© 2022 Boise State Public Radio
WebHeader_3.png
NPR in Idaho
Play Live Radio
Next Up:
0:00
0:00
Available On Air Stations
Politics & Government

Idaho's higher ed budget survives cuts for the moment

university_presidents.jpeg
James Dawson
/
Boise State Public Radio
Presidents of Idaho's four-year colleges and universities appear at a press conference in this undated file photo.

An attempt to further cut the budgets of Idaho’s universities over accusations of indoctrination has failed – for now.

On Thursday, Republican Rep. Ron Nate (R-Rexburg) tried to cut $1.3 million from Boise State University, Idaho State University and University of Idaho.

Such a move would’ve been on top of a $2.5 million cut to higher education last year over concerns of taxpayer dollars funding critical race theory education.

Nate pointed to programs, like the Boise State University Women’s Center, University of Idaho’s Office of Multicultural Affairs and Idaho State’s Office of Equity and Inclusion as evidence the schools are violating a law passed last year that students can’t be compelled to believe certain viewpoints.

“The universities have not done such reductions and saved the taxpayers that money,” he said. “They have, in fact, increased their activities on campuses.”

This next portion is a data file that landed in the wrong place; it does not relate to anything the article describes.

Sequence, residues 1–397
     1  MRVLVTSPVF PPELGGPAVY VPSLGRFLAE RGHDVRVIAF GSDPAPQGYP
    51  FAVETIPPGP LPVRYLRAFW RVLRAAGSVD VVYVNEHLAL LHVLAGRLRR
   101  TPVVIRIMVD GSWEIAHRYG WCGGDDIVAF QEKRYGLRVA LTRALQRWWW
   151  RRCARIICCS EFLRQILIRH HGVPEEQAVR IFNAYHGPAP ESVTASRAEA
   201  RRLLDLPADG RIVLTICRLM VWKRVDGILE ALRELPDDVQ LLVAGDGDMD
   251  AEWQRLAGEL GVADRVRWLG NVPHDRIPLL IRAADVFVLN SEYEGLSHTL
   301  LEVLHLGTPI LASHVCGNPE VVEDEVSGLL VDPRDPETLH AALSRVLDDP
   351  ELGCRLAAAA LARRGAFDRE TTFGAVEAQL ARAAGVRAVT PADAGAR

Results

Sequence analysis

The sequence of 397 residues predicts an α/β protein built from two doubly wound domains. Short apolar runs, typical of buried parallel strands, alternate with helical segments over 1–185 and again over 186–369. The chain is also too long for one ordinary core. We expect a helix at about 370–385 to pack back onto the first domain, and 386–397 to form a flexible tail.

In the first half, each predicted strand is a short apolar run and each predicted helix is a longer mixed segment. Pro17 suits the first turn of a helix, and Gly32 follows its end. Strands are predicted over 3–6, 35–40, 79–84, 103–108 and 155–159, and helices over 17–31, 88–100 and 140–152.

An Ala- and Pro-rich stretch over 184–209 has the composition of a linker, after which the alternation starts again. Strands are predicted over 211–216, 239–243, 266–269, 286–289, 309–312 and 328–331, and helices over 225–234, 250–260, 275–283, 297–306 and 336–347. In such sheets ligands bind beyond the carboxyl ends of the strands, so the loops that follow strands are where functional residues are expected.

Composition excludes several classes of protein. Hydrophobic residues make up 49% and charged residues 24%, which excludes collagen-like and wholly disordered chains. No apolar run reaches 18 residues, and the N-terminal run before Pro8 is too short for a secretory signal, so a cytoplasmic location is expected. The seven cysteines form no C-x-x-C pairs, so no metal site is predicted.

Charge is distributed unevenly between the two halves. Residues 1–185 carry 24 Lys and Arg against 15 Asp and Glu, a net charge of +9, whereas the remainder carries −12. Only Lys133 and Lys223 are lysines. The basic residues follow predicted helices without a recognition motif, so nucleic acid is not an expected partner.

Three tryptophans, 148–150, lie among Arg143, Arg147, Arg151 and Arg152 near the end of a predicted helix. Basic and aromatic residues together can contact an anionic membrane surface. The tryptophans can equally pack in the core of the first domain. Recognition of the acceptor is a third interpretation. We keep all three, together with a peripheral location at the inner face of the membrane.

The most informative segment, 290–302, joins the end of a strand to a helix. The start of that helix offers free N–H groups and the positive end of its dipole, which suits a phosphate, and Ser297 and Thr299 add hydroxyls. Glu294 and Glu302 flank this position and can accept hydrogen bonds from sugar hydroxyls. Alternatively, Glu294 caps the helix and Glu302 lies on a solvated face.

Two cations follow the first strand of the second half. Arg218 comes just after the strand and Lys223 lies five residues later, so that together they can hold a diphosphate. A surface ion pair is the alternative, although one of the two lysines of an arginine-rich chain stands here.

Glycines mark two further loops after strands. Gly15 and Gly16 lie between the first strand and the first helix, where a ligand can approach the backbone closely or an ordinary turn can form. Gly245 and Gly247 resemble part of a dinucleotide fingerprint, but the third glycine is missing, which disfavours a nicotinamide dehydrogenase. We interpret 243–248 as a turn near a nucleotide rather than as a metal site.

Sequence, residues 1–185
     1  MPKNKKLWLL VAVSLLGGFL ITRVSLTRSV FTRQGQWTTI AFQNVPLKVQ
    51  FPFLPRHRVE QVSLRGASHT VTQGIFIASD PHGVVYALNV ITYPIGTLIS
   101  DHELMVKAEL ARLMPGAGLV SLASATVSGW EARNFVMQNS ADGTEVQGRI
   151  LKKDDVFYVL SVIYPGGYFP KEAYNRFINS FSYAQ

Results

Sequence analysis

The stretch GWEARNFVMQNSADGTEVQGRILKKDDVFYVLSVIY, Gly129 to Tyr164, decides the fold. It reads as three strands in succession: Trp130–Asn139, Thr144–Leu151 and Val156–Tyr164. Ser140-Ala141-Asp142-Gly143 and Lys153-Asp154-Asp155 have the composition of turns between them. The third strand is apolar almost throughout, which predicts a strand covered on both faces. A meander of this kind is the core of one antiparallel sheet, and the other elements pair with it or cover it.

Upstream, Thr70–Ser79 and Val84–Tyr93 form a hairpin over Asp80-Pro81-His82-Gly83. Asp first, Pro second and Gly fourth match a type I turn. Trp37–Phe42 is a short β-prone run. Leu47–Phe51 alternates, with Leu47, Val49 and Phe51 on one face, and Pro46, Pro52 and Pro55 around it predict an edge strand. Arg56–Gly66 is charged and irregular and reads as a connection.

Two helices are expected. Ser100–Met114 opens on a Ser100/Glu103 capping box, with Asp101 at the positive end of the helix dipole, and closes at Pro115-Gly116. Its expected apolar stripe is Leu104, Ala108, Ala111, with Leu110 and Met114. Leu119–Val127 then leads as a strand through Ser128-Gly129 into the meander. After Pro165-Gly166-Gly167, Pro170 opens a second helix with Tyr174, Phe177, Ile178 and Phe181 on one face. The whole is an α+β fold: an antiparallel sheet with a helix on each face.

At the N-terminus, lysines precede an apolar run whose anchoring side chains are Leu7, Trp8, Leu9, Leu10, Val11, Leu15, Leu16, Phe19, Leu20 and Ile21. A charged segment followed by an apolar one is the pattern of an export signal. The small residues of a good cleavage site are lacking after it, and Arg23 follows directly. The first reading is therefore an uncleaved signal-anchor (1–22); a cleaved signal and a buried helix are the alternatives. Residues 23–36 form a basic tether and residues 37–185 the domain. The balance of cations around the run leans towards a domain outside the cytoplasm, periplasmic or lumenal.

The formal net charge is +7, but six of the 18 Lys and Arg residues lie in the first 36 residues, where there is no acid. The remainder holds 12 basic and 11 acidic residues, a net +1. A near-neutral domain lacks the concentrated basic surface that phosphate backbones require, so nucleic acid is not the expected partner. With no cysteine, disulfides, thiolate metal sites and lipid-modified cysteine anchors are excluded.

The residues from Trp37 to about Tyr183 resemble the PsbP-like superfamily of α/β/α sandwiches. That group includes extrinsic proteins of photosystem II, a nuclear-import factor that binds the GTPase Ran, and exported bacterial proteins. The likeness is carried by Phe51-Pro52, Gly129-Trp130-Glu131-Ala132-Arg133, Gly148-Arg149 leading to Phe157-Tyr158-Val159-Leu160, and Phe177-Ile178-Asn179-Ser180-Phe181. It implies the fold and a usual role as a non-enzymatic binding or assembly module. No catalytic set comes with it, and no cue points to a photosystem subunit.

University officials have said diversity initiatives are not paid for by state funds, or they complement programs that share other viewpoints.

Nate’s comments garnered objections from each Democrat on the Joint Finance and Appropriations Committee.

“I’ve given you tangible, actual evidences of us taking our eye off the ball. This is not chasing ghosts,” Nate said, as Rep. Colin Nash (D-Boise) called for the committee to vote on the proposal.

Nate’s motion failed with only Rep. Priscilla Giddings (R-White Bird) supporting him.

“I don’t understand why we would be against teaching anything about the diverse nature of our society, including people that don’t feel included,” said Rep. Scott Syme (R-Caldwell) who voted against Nate’s motion.

Instead, JFAC recommended a $25 million increase to the higher education budget compared to current year spending. But its passage isn’t guaranteed.

Last year, lawmakers rejected multiple versions of the higher education budget until cuts were made.

Follow James Dawson on Twitter @RadioDawson for more local news.

Copyright 2022 Boise State Public Radio

Member support is what makes local COVID-19 reporting possible. Support this coverage here.